The CSOS Act provides that the Ombud presides over a dispute resolution mechanism in community schemes: be wary of going to court rather than this forum – it might cost you.
In the case of Wingate Body Corporate v Pamba and Another, we explore an interesting legal scenario involving a body corporate, Wingate Body Corporate (“Wingate”), and two residents in a housing complex. The case revolves around a dispute related to the use of common property within the complex, specifically, a carport that the residents had been using. Wingate sought an urgent court order to prevent these residents from interfering with their business operations involving a plumbing firm. The residents, on the other hand, opposed this application, arguing that it should have been brought before the Community Schemes Ombud Services (CSOS) rather than the court.
Examination of the Law:
The legal context of this case is important. Wingate operates under the Sectional Title Schemes Management Act (STSMA), and it is required by law to be registered with CSOS. The CSOS was established under the CSOS Act and plays a significant role in resolving disputes within community schemes. It regulates the rules, procedures, and administration of such schemes, including the use of common property.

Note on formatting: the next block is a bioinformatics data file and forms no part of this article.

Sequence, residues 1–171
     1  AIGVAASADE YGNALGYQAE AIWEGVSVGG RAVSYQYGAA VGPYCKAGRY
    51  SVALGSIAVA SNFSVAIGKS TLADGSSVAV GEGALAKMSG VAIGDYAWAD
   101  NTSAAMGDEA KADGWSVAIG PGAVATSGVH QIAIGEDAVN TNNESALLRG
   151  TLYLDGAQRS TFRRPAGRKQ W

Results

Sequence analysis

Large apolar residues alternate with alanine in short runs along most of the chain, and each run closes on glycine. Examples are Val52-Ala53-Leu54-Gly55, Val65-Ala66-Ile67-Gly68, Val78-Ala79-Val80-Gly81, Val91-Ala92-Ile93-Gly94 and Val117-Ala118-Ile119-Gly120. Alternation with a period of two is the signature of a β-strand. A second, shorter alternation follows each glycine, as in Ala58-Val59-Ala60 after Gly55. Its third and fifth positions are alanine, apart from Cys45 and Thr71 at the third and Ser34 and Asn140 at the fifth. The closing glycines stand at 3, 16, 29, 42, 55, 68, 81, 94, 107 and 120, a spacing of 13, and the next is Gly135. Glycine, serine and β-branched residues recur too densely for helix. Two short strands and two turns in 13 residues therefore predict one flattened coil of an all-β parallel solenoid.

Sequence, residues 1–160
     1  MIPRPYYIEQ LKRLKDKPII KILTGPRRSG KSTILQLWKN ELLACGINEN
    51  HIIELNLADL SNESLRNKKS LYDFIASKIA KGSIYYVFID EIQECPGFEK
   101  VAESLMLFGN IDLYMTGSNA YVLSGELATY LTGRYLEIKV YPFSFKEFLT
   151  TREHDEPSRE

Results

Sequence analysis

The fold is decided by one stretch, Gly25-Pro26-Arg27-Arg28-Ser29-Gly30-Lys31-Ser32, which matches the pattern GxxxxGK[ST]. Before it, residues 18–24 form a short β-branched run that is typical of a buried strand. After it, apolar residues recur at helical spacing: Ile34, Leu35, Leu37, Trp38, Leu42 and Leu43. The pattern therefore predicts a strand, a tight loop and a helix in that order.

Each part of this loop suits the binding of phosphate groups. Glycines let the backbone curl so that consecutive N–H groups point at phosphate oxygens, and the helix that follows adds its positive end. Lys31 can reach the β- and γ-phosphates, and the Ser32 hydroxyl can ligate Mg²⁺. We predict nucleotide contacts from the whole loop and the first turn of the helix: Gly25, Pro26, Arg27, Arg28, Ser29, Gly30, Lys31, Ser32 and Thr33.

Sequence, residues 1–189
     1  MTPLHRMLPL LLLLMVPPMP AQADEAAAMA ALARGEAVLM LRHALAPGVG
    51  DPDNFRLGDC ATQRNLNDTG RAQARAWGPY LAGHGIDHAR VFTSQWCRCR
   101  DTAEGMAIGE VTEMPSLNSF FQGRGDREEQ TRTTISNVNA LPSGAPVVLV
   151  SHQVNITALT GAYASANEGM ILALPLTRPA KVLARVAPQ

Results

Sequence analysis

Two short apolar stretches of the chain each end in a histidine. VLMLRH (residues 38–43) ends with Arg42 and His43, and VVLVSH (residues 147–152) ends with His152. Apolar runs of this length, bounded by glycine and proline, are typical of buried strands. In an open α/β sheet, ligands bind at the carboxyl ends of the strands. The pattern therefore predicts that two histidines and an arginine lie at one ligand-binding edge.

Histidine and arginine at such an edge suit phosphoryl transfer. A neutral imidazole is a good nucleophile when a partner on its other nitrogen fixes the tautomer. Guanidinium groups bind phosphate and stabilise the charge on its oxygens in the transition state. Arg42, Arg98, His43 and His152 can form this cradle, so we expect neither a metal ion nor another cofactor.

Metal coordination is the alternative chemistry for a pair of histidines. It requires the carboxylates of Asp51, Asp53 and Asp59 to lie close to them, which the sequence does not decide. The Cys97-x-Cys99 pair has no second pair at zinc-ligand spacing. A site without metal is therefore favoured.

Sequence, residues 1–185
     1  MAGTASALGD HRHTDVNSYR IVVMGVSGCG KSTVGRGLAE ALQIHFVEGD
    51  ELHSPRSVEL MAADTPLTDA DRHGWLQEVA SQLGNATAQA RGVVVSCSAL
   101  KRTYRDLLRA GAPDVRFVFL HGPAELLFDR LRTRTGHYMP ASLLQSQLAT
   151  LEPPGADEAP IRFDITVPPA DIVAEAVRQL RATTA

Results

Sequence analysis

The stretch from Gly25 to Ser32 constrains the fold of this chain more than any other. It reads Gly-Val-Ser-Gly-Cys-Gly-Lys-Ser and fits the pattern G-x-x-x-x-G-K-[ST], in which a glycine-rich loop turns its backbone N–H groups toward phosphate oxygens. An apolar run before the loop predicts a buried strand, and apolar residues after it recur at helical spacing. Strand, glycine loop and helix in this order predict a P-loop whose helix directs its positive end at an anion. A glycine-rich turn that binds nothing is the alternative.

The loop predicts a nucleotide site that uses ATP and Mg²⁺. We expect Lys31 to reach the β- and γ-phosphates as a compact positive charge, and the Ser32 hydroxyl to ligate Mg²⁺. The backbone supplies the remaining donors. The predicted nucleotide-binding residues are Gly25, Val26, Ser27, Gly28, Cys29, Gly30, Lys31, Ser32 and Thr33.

Purpose, Function, and Authority of the CSOS:
The CSOS Act specifies the purpose and function of the CSOS, which includes providing a dispute resolution mechanism for community schemes. In other words, it serves as a forum for resolving disputes within such schemes, ensuring the proper governance and management of sectional title schemes. Importantly, the CSOS has the authority to address behavioural issues and issue orders to control nuisance behaviour and ensure specific actions are taken or refrained from.
The Court’s Findings and Conclusion:
In this case, the court considered the nature of the dispute and found that it clearly fell within the jurisdiction of the CSOS. The argument made by Wingate, suggesting they had the right to approach the court, was dismissed by the court. The court pointed out that the mandatory adjudication process outlined by the CSOS should have been followed, and the case should not have been brought before the court. As a result, the court declined to entertain the matter.
This case underscores the necessity of following the CSOS framework for resolving community scheme disputes before resorting to court, emphasizing the CSOS’s role in sectional title scheme issues and its legal requirements.